Sunday, June 28, 2009

My Turn At The Trough

Being unemployed means applying for unemployment insurance from the EDD. This is a brand new experience for me - until now I had previously been continuously employed since graduating from college in 1984. I successfully negotiated the EDD UI web application and also had a short phone interview with an EDD rep. I then waited for the first check to arrive...

After waiting the obligatory 10 working days, I began to get worried. So, I revisited the web site looking for a status. They have an automated phone IVR system that can be used to get status. The first time I called, it required me to go through an incredibly bizarre process in order to set a PIN. The IVR asked me the following questions:

  • Social Security Number (not followed with a #)
  • UI Check Dollar Amount (whole dollars before taxes only - no cents - followed by a #)
  • Zip Code Used On Application (5 digits not followed by a #)
  • My Birthdate (6 digits not followed by a # - does anyone remember Y2K?)
  • Phone Number Used On Application (no area code - 7 digits only - not followed by a #)
  • My new PIN
Holy touch tone Batman! It took me 4 tries to get my PIN set. If you enter a number incorrectly, it gives you one chance to correct it, and then it disconnects you, forcing you to call back and start from scratch. Not counting the EDD phone number to get connected, that process requires 22 key presses just to set my PIN. I probably did over 100 key presses due to my finger fumbles and screw-ups.

After 30 minutes and two index finger cramps later, I was finally past the PIN gate. I am then told: "There have been no checks issued on this account". Well duh! That's why I'm calling! So much for the automated system - another fine example of technology making everyone's life just a little better.

Being the persevering professional that I am, I moved on to plan B - calling the EDD support line. So, after removing the ice pack from my index finger, I called. I was met with an automated answer that said: "We are currently receiving more calls than our system can handle. Please try again later." *CLICK* Click? Click! What the heck? This is a support line? I've seen more support for the Taliban at a Bush family reunion. So, of course, I assumed it must have been a fluke - I called back - same thing!

I then found the following little ditty in the EDD FAQ:

Why can’t I get through on the telephone?

When our telephone systems receive too many calls the telephone network becomes temporarily overloaded. If that occurs, you will hear a message that states, “We are currently receiving more calls than our system can handle. Please try again later.” This tends to happen between 8 a.m. and 8:30 a.m., and the problem should resolve itself in a few minutes. This is also likely to occur on our busiest days (Mondays, and days after a holiday).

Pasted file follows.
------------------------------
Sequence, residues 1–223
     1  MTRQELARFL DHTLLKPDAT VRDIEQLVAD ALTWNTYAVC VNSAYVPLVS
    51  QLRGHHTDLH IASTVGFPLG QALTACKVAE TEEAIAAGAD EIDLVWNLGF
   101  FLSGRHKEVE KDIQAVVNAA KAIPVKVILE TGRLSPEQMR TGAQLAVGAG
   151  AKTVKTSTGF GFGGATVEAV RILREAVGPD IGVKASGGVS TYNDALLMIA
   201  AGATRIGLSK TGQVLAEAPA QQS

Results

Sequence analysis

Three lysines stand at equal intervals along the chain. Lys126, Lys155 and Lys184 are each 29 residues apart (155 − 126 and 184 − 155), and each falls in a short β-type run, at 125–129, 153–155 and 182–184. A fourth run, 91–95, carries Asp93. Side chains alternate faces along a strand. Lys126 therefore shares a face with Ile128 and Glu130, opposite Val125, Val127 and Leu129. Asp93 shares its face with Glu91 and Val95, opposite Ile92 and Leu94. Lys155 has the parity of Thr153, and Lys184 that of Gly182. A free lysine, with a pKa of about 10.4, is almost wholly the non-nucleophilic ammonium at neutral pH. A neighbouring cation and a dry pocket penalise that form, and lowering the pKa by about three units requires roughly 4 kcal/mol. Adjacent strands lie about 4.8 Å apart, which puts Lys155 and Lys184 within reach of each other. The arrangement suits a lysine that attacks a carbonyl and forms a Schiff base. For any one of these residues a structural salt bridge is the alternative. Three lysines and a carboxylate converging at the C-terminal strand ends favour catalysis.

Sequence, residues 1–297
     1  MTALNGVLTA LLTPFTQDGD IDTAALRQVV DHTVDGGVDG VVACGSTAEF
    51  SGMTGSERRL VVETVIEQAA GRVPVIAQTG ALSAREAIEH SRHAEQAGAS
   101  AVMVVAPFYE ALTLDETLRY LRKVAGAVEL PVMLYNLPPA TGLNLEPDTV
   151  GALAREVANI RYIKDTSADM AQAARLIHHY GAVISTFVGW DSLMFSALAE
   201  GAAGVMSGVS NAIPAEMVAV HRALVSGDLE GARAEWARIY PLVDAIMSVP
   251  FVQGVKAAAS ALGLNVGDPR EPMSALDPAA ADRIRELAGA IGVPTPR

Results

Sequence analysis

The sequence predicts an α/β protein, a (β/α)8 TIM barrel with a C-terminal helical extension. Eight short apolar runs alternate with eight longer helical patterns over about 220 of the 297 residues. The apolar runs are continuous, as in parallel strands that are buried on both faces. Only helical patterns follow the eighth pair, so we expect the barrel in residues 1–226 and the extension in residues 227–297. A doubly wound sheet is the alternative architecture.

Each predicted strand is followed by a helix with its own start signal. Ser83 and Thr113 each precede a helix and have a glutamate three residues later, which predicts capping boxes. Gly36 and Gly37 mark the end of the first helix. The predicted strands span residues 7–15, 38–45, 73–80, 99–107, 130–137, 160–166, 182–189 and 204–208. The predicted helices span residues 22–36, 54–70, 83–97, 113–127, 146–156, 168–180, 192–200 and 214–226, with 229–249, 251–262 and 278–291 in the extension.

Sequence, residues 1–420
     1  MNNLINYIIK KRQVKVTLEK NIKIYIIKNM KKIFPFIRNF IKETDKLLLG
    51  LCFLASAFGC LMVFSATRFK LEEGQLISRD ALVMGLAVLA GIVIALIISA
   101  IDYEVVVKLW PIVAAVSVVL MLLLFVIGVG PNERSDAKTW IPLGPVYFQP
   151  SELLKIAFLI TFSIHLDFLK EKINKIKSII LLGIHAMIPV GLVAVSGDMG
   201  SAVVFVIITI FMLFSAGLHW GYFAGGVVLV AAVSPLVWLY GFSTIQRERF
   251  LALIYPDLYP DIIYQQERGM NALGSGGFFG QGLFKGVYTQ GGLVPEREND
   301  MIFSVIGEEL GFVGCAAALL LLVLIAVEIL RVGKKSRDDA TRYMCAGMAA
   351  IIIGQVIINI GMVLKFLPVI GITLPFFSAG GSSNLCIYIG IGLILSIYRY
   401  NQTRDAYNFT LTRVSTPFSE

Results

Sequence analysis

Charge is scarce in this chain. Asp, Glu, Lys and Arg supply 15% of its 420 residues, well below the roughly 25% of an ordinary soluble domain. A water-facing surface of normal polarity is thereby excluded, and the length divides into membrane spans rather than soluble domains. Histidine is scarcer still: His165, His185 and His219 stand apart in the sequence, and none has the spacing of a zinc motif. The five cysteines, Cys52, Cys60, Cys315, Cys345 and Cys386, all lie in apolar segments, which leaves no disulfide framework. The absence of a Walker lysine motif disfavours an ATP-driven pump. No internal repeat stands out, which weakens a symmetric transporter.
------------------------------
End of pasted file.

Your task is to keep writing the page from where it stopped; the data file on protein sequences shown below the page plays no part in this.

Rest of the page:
Once you have reached our telephone system, and you make the menu selections to speak to a Representative, the system routes your call to the location with the shortest wait time. However, if it appears that your call cannot be answered within 10 minutes because of the number of callers already waiting, you will hear a message advising you to call back later. To avoid this possibility, you may want to call on Wednesday or Thursday, which are our least busy days.

OK! Once again, technology has made everything better! We can now automatically hang-up on people whenever we get too busy - perfect!

The EDD is getting hit with a double whammy. With an 11.5% unemployment rate in California, they are being swamped by a huge spike in unemployment insurance claims. In addition, the disastrous California state budget means the EDD can't hire any additional help.

Hmm - here's an idea - how about we route all the phone calls coming into the EDD to the floor of the California legislature? I mean why not - those assemblymen & state senators don't seem to be accomplishing anything with the budget, so they might as well do something constructive. Plus, if I am going to be hung-up on by the state, it might as well be by the guy that is supposed to be representing me.

While we're at it, here's another idea - how about we randomly select 500 people waiting on hold in the EDD support line queue and have THEM fix the state budget. Could they do any worse? Could I? Heck, I'll do it for half the salary of a state senator, and I promise that when I get a real job, I'll step away from the state trough. Show me a politician willing to make THAT promise!

Mr. Governator: I am available to start immediately.

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